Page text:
I’m not racist

I’m not racist but when I was eleven years old, I wanted to go go karting for my birthday. I had a limit on the invites so once the word got out, I was being lobbied during breaks and in classes. I put the list together and handed it over to my dad. It was an all male list due to the phasing out of my female friend base to prove I was a man. Dad ran through the names from top to bottom and told me I was not taking this group.

What he saw was the names of every boy in the class except the two muslim children and the one disabled kid. I couldn’t believe what my own faither was inferring. This was a heinous misunderstanding. I had given pocket money to stop African poverty at least three times that year so I knew I was no discriminator. I felt my dad should have known better too. I wound up in tears wailing ‘I’m no racist’ but I had to sit on it. And if I thought about it, there were kids on that list I didn’t necessarily like that much. If I was pressed, I’d say there were a few I wouldn’t choose to sit next to in class. I liked the boys I wasn’t inviting. They also didn’t come in a package and were very different to one another. But as it stood they wouldn’t be coming to the party. Why not?

Go karting is expensive. I could bring a fixed number of kids and I felt the pressures of social obligations. I recall thinking that some kids were going to feel excluded if others came and they didn’t. Not often seeing them in social situations, it seemed that the boys who were left out wouldn’t feel like this. It’s possible to see a pattern to that now. Though none of this was spoken about, little subconscious assumptions made me figure it’d be fine. Overlooking that there were no girls and no disabled kids coming either, there was one race in my mind and it had a podium finish.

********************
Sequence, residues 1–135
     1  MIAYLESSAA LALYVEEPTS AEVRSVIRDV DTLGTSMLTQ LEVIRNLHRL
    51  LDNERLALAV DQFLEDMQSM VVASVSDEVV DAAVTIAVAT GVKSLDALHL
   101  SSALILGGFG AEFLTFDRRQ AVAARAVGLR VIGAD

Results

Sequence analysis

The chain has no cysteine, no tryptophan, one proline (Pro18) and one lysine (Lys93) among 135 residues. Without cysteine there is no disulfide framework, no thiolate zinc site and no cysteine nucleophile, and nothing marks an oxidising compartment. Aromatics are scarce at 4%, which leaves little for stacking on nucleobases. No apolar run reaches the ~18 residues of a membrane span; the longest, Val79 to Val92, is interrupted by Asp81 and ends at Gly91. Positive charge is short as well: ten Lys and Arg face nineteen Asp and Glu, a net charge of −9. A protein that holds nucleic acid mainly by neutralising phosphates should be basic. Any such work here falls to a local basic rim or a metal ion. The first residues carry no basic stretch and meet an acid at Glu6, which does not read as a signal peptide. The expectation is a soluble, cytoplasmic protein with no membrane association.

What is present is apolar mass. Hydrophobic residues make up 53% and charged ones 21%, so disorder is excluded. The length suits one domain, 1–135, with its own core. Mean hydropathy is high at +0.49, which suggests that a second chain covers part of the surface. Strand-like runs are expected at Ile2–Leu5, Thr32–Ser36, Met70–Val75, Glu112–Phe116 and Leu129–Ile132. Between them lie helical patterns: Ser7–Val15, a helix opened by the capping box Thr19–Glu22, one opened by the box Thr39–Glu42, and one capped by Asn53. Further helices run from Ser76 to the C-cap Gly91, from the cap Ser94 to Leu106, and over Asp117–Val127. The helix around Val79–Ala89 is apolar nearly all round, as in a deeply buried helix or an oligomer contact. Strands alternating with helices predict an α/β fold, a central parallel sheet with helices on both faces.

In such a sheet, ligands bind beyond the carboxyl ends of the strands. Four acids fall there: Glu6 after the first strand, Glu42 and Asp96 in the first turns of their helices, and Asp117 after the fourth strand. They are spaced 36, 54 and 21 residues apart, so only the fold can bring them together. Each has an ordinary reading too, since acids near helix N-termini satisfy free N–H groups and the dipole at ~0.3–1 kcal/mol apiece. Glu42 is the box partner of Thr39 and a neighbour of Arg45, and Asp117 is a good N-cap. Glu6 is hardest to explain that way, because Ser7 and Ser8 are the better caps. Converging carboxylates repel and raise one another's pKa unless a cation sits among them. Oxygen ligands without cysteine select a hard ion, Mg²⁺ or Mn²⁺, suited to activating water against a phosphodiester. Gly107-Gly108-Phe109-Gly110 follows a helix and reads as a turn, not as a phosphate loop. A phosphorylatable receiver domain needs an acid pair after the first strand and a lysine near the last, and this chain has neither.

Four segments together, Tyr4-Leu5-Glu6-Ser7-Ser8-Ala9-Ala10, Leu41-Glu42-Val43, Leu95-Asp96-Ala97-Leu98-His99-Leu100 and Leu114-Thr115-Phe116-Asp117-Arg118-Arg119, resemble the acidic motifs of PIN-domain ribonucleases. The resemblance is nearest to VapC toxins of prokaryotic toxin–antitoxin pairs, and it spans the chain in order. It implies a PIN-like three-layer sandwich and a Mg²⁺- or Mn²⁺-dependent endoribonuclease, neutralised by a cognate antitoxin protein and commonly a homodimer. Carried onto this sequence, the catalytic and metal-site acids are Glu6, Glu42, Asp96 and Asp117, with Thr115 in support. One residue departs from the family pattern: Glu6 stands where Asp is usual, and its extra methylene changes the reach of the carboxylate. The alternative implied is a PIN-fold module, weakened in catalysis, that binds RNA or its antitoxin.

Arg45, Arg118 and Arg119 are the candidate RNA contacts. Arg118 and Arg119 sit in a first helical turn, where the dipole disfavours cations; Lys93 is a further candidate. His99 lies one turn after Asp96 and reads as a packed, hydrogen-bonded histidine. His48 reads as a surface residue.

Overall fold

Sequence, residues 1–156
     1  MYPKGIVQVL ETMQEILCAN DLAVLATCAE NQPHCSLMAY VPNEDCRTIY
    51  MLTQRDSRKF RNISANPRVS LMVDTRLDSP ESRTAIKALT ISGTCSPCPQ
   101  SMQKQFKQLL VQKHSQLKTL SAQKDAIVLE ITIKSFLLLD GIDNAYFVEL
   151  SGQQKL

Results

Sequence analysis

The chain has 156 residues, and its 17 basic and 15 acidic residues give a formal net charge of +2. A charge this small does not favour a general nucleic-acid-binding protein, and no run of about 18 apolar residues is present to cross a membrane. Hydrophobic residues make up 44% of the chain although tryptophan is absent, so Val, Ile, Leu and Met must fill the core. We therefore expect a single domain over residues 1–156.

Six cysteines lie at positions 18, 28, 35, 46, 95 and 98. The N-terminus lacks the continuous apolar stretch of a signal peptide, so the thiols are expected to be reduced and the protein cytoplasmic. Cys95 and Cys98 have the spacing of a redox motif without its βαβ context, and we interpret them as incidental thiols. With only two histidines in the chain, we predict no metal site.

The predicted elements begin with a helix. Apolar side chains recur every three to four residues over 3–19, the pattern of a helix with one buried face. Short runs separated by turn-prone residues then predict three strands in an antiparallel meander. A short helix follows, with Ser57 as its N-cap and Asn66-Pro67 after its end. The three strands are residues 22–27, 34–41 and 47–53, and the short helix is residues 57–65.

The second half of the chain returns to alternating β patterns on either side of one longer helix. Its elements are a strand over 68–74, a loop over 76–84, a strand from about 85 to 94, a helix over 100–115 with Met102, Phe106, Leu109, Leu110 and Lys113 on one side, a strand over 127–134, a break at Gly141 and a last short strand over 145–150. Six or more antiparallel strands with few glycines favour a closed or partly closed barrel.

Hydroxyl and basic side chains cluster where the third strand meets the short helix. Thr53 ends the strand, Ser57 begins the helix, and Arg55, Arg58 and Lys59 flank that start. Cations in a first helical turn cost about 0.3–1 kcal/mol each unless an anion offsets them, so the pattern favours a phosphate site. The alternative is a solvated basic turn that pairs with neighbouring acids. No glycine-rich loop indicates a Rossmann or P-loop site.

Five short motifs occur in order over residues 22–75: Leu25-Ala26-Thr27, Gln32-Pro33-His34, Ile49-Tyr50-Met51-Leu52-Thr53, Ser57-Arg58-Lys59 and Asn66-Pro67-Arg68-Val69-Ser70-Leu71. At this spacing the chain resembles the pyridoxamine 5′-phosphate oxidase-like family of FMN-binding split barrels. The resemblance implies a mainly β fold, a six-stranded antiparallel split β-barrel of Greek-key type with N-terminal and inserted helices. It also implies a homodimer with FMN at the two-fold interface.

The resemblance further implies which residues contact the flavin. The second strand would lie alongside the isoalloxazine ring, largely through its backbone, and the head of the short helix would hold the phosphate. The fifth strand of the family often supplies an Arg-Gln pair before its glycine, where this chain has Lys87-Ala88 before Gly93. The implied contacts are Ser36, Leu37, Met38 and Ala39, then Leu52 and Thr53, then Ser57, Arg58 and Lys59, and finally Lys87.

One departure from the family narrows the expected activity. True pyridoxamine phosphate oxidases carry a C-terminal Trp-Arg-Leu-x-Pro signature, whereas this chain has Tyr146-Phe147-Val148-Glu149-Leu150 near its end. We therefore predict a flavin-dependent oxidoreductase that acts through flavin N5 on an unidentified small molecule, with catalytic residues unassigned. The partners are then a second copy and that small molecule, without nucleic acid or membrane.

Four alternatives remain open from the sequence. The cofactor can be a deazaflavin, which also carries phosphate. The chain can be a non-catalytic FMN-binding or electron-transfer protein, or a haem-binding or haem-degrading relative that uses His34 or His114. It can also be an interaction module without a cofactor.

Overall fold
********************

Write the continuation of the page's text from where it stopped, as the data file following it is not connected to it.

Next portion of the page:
When most folk say ‘I’m not racist’ what they seem to mean is ‘I don’t want to be racist’ or ‘I don’t want to be seen to be racist’. But when the laundry’s on, shite’s still getting trapped in the washing machine so whose not wiping their arse?

To be called out at home was embarrassing so I understand how much more difficult it must be in a public setting. But what does denying it do? ‘I’m not racist’ is an intention but it’s not a fact.

And now I’m angered by the violence of an American policeman but I am not an American policeman. I won’t ever be accountable for the crimes of an American policeman. However, there are issues within my own parameters. I remember this example for its innocence but it’s not the only time I’ve made myself wince. Ultimately, I’d rather be standing up tall than caught out leaning on things I don’t know about. So I’ve got to surrender to the idea, not that I’m always going to be wrong, but that sometimes I might be.

We didn’t go karting in the end. We got a football pitch. Everybody came, all the boys, a few of the girls. It was a good birthday and I got more presents.





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